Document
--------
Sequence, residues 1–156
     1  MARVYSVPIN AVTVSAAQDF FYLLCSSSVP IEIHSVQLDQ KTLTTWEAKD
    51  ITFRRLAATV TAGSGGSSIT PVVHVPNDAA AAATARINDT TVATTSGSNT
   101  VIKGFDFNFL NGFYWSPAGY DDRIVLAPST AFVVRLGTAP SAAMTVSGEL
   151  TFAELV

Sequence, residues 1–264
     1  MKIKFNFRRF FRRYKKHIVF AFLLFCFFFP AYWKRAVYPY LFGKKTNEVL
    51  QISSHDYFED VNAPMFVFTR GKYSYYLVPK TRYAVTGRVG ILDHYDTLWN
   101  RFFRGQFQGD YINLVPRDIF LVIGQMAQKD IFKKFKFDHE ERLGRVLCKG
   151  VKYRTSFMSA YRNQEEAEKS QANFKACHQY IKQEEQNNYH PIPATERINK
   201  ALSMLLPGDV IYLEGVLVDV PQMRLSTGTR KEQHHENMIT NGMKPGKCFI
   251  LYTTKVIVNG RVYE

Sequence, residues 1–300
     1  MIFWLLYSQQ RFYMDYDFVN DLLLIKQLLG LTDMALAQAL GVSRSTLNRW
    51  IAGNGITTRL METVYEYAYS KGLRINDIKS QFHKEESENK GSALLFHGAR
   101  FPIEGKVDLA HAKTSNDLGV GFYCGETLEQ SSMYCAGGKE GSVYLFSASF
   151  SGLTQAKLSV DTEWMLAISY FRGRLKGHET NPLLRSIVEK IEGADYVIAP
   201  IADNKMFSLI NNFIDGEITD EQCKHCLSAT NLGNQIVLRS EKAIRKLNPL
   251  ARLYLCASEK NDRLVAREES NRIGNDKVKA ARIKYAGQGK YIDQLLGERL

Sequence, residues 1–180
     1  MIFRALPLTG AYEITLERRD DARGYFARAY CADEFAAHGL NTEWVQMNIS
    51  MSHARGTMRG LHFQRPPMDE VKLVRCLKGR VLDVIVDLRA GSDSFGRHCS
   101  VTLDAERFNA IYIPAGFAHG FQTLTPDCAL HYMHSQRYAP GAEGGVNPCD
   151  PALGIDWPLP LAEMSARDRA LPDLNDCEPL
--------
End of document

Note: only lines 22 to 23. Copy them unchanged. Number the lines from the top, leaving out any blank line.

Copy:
    51  MSHARGTMRG LHFQRPPMDE VKLVRCLKGR VLDVIVDLRA GSDSFGRHCS
   101  VTLDAERFNA IYIPAGFAHG FQTLTPDCAL HYMHSQRYAP GAEGGVNPCD